Heart in Seoul: Clark grad earns important post in South Korea

Cho-Hyun-jin

In the United States we have CNN and the White House. The equivalent in South Korea is YTN and the Blue House.

The fast-rising career of Cho Hyun-Jin ’90 has included stints at both South Korea’s major media outlet and its seat of government. In January, 2013, Hyun-Jin earned yet another title to his impressive resume when he was named private secretary to the First Lady of South Korea, Kim Yoon-ok.

After graduating from Clark with a degree in economics, Hyun-Jin returned to his native Seoul, South Korea, for his mandatory military service and then began work as a journalist. His first job as a reporter for YTN (formerly known as Yonhap Television Network) — a Seoul-based 24-hour news network — lasted 11 years. He went on to work for Billboard magazine as a Korea correspondent, and then as chief of the news team at Arirang TV.

“When I was at Clark I did an internship at a nearby television network,” recalls Hyun-Jin. “That experience was invaluable. It helped me get into the field of television media, which ultimately led me to where I am now in my career.”

Hyun-Jin’s journalism experience allowed him to make an easy transition to public relations. In 2009, he joined the Presidential Office of the Republic of Korea, known as the Blue House, as assistant secretary to President Lee Myung-bak for overseas and domestic public affairs. He went on to serve as deputy secretary to the President for Educational Policy before being appointed private secretary to the First Lady.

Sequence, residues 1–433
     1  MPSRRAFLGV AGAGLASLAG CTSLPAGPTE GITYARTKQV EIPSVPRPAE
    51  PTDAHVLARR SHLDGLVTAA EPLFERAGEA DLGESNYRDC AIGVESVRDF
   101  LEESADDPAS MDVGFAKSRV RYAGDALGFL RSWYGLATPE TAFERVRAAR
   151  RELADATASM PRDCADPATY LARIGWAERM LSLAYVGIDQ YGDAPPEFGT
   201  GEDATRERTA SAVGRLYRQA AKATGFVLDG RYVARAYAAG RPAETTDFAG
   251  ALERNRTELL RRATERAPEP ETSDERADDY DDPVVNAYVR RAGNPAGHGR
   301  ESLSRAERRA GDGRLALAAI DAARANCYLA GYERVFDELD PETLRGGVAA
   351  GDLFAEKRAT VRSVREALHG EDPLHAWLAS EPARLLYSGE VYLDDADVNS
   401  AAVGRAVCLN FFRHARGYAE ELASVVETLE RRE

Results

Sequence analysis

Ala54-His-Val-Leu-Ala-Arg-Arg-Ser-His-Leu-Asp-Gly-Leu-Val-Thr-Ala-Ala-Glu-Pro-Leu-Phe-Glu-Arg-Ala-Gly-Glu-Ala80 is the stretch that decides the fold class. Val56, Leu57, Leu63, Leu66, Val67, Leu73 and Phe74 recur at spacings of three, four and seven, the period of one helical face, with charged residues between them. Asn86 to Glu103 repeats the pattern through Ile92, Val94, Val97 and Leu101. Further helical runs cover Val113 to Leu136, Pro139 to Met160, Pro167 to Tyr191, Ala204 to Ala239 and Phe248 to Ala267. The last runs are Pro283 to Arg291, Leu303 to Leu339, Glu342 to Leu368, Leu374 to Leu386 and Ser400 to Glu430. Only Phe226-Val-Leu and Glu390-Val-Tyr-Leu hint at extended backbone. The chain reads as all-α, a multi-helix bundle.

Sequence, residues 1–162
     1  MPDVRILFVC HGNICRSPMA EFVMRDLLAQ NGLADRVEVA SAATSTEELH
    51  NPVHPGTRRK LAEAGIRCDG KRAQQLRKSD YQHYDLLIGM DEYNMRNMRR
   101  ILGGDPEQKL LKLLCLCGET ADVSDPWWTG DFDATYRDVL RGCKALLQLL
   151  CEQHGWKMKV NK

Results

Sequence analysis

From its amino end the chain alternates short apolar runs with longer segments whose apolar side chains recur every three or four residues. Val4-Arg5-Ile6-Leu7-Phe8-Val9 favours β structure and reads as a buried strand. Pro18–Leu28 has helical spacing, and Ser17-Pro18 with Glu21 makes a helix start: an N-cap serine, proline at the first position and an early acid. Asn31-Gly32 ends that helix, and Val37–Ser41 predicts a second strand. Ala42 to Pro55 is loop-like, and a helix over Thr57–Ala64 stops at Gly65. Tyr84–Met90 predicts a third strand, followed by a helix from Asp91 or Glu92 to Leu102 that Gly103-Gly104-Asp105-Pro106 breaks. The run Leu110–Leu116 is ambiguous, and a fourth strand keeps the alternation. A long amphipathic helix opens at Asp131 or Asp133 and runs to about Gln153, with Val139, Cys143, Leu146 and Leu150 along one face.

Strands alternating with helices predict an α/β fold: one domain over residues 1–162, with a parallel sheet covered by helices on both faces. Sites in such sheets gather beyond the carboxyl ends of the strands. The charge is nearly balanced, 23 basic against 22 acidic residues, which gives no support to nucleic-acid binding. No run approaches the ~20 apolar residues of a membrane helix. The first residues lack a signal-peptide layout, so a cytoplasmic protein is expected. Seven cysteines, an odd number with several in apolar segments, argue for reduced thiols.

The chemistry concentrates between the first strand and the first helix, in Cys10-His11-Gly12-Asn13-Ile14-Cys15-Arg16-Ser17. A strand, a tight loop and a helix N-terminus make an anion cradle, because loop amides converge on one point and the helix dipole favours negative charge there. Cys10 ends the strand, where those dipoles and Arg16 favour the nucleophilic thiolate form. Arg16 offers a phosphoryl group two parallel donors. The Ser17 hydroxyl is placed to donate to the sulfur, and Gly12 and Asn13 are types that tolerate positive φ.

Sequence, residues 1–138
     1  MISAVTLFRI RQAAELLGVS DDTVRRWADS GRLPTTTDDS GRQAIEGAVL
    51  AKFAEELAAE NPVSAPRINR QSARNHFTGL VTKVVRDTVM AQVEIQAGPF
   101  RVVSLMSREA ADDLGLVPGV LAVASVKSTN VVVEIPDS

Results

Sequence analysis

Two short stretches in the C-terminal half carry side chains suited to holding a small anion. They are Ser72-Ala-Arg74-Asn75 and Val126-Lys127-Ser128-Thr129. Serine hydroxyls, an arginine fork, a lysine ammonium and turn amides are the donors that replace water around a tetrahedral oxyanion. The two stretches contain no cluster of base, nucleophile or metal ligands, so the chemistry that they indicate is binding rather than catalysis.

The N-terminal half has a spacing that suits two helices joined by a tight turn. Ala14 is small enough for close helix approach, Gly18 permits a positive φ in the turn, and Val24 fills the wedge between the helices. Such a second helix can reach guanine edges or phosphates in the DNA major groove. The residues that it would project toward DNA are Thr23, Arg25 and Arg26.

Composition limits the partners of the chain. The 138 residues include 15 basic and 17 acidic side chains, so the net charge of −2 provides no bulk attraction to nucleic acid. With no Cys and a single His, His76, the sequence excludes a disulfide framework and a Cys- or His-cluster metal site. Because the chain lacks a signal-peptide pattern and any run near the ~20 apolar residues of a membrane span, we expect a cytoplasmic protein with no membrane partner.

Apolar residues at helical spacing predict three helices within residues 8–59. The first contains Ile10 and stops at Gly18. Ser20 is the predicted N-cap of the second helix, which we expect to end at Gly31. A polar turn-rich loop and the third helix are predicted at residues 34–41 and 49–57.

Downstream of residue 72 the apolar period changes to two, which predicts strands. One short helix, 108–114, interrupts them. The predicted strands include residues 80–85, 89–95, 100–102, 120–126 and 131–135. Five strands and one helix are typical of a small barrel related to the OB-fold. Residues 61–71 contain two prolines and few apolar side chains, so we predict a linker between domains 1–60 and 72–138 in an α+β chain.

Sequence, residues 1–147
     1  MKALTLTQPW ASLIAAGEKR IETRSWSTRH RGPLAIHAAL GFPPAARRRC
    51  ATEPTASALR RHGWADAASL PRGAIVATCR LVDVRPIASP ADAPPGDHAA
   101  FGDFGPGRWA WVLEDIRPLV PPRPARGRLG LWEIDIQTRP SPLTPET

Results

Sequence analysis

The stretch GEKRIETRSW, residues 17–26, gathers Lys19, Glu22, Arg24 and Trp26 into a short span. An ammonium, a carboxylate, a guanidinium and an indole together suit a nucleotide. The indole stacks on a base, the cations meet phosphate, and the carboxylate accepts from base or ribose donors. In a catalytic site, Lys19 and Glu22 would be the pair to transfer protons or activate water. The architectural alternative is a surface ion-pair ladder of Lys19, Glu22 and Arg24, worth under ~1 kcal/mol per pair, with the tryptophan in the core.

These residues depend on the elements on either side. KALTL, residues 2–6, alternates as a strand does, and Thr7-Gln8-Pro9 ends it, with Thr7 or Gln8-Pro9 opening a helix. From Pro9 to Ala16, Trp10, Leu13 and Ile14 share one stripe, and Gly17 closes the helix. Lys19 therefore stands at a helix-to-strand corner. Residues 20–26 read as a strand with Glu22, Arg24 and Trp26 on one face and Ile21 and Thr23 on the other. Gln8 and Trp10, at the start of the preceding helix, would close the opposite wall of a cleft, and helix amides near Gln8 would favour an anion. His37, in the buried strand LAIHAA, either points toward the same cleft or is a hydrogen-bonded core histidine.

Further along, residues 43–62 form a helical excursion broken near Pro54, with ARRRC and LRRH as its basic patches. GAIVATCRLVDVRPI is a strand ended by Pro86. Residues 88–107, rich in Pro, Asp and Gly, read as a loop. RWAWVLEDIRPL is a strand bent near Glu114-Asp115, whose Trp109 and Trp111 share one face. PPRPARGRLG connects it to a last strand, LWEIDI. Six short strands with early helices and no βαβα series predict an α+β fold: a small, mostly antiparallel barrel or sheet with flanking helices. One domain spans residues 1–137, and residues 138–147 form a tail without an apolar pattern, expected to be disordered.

“Clark taught me to have a flexible attitude, good communications skills and to have an understanding of a broad range of subjects,” says Hyun-Jin, who first heard about Clark from a family friend who was living in the United States. “Clark’s quality liberal arts education caught my attention.”

Hyun-Jin has called upon the skills he learned at Clark in his fast-paced public affairs work for the Blue House. In his first three years, he spearheaded Korea’s overseas public relations and image branding, a period he says “when Korea’s overseas identity dramatically improved.”

As senior secretary for public relations, Hyun-Jin was responsible for a wide range of tasks, from presidential trips overseas to summits in Seoul with foreign leaders. “I don’t think I was ever busier in my life than the 100 days prior to the November 2010 G-20 Summit in Seoul.” In 2011, he was awarded the Presidential Medal for his work on that summit. Hyun-Jin also ran press events for the Nuclear Security Summit in March 2012, President Obama’s visits to Seoul in 2009 and 2010, and President’s Lee’s state visit to the U.S. in 2011. In his new role, Hyun-Jin handles all arrangements and protocol issues for the First Lady.

“I have been so fortunate,” he says. “I have been provided with an opportunity to learn government management and come to love my country even more as a result of this service.”

Clark Research Professor Paul Ropp, whom Cho Hyun-Jin calls “a mentor who inspired me to keep an insightful global view of the world,” says “One of the real pleasures of teaching a long time at Clark is to see students continue to blossom and grow after they graduate. Hyun-Jin has a natural grace and charm that make it easy to see how he might rise even in the supremely competitive worlds of television and politics.”

Hyun-Jin has been able to stay connected to his alma mater through a strong Clark-Seoul alumni network, visits from Professor Ropp and recent visits from President David Angel and others in the Clark delegation. “President Angel’s visits always enlighten our alumni community in Seoul,” says Hyun-Jin. “Please visit more often!”